No matter what job Theile had, he was always an active member of the church. He directed and sang in choirs, and throughout it all, kept ringing.

One night at choir, a fellow churchgoer asked Theile if he wanted to be an engineer for May Company California, the chain that would later merge with JW Robinson’s to form Robinsons-May. He said yes.

“I was carrying a tool belt around for May Company, and I was having a blast, making more money than God,” Theile said with a grin on his face.

Though he was busy with his new job, Theile kept coaching. And it was during Little League season that Lupe Simpson, then-principal at Nimitz, approached Theile.

“You’re in the wrong business,” Simpson said. “You need to be a teacher.”

Simpson offered up a deal: If she could match Theile’s pay at May Company, he would have to get his teaching credentials and make the switch. After finishing up a bachelor of science in business at the University of Redlands, Theile received his credentials from Cal State Dominguez Hills. He was ready to take his music skills to the classroom.

A noble offer

As a teacher at Nimitz, Theile sought to use music as a means of enriching his students’ lives and steering them in the right direction. The only problem was that handbells were a costly passion.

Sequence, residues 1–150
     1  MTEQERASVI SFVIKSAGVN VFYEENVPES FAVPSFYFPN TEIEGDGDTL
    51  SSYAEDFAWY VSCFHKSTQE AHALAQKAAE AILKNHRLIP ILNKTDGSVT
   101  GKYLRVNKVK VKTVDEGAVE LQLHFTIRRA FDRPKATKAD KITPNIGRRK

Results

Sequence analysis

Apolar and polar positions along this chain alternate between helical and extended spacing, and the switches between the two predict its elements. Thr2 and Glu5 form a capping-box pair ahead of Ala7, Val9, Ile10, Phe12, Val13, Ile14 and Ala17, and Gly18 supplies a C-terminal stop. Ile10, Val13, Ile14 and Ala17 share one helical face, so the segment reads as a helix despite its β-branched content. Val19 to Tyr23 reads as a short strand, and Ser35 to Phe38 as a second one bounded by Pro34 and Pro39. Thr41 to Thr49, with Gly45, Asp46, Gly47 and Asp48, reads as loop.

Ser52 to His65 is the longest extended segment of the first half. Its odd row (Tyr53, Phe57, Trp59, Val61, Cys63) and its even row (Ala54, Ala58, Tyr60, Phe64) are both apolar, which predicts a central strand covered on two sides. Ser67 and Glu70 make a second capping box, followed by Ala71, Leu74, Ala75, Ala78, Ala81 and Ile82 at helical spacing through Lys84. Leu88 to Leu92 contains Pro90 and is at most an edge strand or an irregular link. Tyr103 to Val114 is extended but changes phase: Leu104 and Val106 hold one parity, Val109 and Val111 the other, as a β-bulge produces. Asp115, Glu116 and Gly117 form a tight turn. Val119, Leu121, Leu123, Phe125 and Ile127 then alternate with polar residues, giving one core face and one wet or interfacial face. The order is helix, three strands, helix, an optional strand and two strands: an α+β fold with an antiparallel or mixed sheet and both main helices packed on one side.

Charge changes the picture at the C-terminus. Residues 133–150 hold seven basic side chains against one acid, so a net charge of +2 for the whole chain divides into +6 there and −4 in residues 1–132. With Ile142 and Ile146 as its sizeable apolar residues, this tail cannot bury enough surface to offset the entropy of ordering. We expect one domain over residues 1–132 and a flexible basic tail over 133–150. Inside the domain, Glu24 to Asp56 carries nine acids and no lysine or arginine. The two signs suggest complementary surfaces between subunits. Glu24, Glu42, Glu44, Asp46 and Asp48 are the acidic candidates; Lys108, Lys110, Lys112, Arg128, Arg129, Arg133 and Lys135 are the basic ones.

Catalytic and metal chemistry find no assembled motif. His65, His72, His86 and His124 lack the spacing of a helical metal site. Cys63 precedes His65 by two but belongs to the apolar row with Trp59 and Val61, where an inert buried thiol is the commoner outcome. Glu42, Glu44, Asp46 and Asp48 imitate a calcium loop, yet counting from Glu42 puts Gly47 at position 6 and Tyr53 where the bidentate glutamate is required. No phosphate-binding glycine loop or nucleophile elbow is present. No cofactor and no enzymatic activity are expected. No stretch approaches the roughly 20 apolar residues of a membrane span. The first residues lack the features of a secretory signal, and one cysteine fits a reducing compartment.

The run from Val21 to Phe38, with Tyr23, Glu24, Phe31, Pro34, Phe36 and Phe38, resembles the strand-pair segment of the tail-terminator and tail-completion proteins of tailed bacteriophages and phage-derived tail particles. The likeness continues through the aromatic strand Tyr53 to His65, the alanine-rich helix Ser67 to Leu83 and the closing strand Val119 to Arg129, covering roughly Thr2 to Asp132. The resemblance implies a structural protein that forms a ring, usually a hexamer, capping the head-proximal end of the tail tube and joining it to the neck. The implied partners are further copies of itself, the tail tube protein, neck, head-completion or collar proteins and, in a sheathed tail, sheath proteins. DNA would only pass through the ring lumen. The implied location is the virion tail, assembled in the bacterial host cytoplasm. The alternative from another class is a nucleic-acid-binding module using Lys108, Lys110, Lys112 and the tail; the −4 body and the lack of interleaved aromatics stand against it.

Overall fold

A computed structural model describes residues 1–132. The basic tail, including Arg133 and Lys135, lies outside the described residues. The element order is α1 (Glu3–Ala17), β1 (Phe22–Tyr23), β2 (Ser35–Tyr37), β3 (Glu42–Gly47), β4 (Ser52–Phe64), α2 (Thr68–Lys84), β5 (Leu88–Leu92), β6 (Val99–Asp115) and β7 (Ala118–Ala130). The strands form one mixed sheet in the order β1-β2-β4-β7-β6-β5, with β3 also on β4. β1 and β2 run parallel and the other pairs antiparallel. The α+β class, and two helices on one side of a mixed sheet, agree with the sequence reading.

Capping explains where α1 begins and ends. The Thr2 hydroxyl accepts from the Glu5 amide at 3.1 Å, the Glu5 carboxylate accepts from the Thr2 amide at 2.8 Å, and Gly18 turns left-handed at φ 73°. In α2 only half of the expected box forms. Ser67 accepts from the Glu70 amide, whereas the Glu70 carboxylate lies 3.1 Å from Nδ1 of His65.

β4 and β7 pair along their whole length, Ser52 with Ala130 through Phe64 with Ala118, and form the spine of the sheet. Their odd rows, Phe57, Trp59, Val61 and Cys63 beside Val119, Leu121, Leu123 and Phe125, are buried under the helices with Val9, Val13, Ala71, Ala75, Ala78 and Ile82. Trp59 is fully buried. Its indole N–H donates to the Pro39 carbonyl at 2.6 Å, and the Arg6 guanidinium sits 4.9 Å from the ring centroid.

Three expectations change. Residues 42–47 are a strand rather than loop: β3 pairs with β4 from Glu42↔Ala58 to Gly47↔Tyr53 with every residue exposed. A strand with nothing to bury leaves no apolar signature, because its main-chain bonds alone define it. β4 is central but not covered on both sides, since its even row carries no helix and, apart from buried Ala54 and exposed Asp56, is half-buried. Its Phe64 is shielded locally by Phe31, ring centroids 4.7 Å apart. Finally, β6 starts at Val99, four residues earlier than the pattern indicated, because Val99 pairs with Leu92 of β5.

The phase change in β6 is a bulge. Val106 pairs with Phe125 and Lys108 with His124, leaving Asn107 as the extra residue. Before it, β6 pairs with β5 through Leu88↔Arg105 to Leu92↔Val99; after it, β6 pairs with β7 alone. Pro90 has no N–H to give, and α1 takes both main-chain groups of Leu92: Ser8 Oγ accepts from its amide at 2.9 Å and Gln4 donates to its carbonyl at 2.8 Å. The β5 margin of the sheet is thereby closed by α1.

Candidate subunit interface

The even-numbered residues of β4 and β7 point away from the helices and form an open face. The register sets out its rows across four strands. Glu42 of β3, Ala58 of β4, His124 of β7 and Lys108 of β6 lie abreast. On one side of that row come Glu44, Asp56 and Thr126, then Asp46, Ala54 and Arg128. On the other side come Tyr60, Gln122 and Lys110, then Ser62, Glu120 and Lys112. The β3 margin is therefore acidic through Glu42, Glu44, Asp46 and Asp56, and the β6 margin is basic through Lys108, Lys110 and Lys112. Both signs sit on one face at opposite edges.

“It’s not like [the Los Angeles Unified School District] could just throw out 37 grand,” Theile said. “Simpson and I had to raise enough money to buy the first set of bells. So we sold a heck of a lot of candy.”

But the handbells were a hit. Theile and his ringers quickly started making a splash, especially in Santa Monica. He cites the generosity of Santa Monica residents for helping his ensemble get the exposure and support they needed to perform at local venues.

Theile said he and the ringers are most indebted to Dr. James Smith, director of music ministry at First United, who gave the ringers their first big break. Theile and his ringers forged a long-standing relationship with the church, a venue where they have performed numerous times.

One powerful moment stands out, Theile said. During one performance ¬ó a song about the angels announcing the birth of Jesus ¬ó the ringers walked down the middle aisle of the church to the sounds of a swelling orchestra.

“These big bronze doors just opened and the kids came in one step at a time,” Theile said. “There wasn’t a dry eye in the place.”

After that, Theile and his ringers were all over SoCal and at rock-star venues like Las Vegas’ Circus Circus. Everybody was getting handbell fever, including Yvonne Noble, the principal from Mark Twain. Soon, she made Theile an offer he couldn’t refuse.